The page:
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Old 10-01-2020, 11:29 AM   #21
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Dude you are so lucky do you have any idea what a rim and tire going through a windshield of a car could have done to a family?
And you're right if you put that in your van you strap that thing down I had to stop once in a hurry and a toolbox came all the way through and punctured the passenger seat if somebody had been sitting in that it probably would have broke their back if it hit him in the head it would have killed them... I never drive in a van ever ever with anything they can become a projectile especially in a van because accidents are so much easier to incur, and the rollover is almost inevitable.

Now I know that aluminum is nice and light and I totally understand the benefits, but it seems so many people want the Aluminess purely because it is trendy and expensive...gives em bragging rights.... While a very nice concept and when built right a great piece of kit.
I do find it annoying that off roading in adventure stuff has become a fashion statement... But that's me if it works for others that's fine.
But unless you've get one where you're comfortable I would be inclined to go with old school steel..... Or as you mentioned a backup with a cable lock which could also double as a theft deterrent.
Just be glad nobody got hurt your safe.....
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Old 10-01-2020, 12:47 PM   #22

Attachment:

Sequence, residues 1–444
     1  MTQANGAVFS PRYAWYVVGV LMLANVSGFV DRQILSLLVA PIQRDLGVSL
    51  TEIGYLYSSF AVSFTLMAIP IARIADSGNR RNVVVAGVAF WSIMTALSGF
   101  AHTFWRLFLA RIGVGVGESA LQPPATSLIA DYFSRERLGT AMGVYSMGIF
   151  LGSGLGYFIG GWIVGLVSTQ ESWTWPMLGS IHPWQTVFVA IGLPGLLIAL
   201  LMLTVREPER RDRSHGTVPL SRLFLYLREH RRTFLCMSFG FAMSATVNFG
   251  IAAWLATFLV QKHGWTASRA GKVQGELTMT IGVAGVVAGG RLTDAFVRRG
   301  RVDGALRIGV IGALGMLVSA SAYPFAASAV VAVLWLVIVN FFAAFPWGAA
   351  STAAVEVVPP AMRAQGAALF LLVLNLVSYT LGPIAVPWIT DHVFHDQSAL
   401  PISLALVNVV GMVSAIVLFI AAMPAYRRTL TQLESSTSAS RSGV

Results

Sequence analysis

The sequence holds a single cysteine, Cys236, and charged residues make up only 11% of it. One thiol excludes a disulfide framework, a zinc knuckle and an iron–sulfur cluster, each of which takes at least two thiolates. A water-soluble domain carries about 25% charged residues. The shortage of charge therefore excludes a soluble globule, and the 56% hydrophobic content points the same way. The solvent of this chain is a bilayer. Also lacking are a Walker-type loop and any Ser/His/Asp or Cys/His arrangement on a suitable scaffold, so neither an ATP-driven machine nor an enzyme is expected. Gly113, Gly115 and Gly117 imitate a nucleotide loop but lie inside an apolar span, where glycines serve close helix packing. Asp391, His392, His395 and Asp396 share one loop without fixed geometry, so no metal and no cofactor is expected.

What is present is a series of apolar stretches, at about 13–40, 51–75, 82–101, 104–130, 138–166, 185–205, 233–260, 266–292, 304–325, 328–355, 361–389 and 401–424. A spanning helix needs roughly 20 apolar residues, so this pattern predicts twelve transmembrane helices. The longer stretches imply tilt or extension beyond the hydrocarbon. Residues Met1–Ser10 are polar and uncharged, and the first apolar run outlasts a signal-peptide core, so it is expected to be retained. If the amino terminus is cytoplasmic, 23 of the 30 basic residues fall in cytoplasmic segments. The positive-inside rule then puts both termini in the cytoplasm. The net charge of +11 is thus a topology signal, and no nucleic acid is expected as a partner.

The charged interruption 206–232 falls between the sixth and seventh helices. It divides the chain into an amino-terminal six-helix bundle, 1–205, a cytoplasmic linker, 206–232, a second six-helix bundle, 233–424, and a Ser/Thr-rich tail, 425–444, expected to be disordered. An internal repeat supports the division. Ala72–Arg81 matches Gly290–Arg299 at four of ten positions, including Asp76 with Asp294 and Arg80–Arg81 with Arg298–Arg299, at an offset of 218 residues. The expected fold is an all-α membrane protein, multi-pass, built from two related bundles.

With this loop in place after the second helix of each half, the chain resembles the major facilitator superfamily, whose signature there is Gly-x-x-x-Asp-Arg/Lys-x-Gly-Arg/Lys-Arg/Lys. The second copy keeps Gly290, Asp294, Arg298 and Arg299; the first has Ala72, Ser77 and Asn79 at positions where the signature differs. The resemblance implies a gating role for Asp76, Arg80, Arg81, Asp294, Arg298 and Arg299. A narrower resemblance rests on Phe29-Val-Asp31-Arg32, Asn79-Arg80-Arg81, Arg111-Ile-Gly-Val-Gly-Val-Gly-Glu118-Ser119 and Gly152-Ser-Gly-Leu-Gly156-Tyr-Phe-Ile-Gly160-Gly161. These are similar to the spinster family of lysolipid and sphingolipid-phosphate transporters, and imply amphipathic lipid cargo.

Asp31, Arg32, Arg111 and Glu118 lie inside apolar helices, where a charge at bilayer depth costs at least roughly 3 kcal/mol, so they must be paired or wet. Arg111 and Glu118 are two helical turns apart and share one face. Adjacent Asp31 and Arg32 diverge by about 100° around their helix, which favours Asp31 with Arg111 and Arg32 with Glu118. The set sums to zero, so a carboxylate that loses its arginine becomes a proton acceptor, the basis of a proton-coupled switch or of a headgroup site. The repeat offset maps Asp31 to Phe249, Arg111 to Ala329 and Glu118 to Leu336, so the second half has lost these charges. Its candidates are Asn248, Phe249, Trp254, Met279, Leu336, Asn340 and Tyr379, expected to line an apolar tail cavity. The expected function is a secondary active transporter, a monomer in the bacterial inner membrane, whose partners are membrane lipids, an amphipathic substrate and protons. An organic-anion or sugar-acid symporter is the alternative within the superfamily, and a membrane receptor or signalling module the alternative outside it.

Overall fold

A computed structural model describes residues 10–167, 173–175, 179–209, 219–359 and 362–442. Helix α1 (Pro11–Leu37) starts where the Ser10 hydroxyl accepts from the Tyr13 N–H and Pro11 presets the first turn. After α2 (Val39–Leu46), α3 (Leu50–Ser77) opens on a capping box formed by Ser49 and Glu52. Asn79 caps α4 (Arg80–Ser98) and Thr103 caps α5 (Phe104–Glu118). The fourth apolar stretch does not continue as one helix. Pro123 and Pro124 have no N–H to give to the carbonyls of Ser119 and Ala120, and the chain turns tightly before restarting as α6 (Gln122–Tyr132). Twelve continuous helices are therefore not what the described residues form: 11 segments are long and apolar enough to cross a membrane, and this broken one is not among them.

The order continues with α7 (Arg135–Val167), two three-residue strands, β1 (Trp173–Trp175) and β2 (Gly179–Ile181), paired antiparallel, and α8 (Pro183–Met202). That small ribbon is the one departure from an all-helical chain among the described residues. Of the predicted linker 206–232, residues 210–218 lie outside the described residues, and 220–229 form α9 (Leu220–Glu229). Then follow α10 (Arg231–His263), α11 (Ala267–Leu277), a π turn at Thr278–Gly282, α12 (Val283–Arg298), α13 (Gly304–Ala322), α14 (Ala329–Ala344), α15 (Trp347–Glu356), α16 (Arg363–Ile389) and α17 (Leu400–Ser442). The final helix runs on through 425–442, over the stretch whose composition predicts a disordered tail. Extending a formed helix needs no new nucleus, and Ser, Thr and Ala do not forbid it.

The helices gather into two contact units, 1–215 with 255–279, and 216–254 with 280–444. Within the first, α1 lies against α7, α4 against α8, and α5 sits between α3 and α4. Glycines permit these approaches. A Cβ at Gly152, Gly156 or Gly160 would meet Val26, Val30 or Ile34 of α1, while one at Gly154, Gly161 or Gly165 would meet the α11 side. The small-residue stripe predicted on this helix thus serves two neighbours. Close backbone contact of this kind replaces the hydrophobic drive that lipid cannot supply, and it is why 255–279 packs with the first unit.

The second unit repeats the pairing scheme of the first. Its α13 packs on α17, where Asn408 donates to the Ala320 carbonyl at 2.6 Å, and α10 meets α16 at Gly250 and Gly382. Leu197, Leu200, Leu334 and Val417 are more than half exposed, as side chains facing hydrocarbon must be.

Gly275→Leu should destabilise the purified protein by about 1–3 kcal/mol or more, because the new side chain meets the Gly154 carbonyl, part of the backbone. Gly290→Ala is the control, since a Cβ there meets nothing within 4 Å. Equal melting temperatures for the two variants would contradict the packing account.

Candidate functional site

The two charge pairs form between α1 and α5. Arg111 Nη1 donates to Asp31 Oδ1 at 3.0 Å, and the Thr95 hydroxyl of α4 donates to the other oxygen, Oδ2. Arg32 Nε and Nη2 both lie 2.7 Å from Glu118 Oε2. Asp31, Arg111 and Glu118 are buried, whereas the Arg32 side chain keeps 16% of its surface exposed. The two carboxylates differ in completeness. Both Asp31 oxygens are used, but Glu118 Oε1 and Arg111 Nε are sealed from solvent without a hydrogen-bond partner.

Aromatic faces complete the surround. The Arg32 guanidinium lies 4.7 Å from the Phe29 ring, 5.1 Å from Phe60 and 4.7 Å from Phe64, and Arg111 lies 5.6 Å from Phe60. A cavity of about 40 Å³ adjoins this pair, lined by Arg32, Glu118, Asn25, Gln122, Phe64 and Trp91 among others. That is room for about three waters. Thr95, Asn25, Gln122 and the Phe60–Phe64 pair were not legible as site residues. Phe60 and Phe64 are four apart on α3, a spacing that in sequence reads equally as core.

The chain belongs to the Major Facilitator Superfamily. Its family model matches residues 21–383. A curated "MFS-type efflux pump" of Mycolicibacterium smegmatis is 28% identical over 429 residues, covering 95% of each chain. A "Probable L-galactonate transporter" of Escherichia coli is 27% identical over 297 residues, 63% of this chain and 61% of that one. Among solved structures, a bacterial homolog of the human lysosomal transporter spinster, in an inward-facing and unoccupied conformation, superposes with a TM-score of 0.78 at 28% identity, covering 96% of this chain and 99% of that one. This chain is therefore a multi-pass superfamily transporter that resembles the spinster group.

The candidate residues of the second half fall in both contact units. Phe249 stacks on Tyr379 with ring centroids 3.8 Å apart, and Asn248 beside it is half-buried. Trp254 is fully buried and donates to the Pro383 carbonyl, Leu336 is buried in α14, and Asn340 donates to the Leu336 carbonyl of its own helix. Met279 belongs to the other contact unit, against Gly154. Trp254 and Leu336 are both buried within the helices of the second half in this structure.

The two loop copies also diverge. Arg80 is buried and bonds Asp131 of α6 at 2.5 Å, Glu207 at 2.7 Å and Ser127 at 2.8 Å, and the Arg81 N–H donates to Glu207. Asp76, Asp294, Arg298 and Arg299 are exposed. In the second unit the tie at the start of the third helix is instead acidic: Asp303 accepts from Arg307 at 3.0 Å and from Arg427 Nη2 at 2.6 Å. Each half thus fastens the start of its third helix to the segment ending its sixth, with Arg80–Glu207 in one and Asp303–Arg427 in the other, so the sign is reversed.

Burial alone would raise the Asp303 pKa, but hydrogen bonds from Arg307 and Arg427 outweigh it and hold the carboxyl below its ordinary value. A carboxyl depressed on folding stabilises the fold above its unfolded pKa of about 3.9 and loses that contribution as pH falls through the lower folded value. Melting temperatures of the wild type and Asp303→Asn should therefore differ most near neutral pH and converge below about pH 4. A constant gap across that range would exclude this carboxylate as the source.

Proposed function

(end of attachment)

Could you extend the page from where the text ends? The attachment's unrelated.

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I was going to say the same thing. I would send those photos to Aluminess. Even if they don't make it right with you, it will let the shop foreman know he needs to go smack the welders around. (And the QC dept. too, if they have one.)

Exactly...Aluminess has a liability issue here....


....as would the owner of the vehicle if the spare tire causes damage/injury/death when it falls off.


When I was 19 my trailer wheels both came off (long story) as I was getting on I-95 in VA. They both crossed the median and were bouncing into oncoming traffic. Fortunately for me everyone avoided the wheels barreling down the highway at them..it was scary.


..One reason why I have an umbrella policy these days....


I've been looking for a lock/cable for my Aluminess spare tire carrier now..it's on my project list.
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Old 10-01-2020, 03:32 PM   #23
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I've been looking for a lock/cable for my Aluminess spare tire carrier now..it's on my project list.
If you donít want the cable bouncing around a lockable hitch pin works really well. Just gotta drill a hole though the mounting plate. The pin counter sinks perfectly into the rim.

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Old 10-01-2020, 04:43 PM   #24
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If you don’t want the cable bouncing around a lockable hitch pin works really well. Just gotta drill a hole though the mounting plate. The pin counter sinks perfectly into the rim.

Brilliant.......hey wait a minute.........the mounting plate broke off too for the OP.... I was lovin' this idea for a minute....
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Old 10-01-2020, 11:50 PM   #25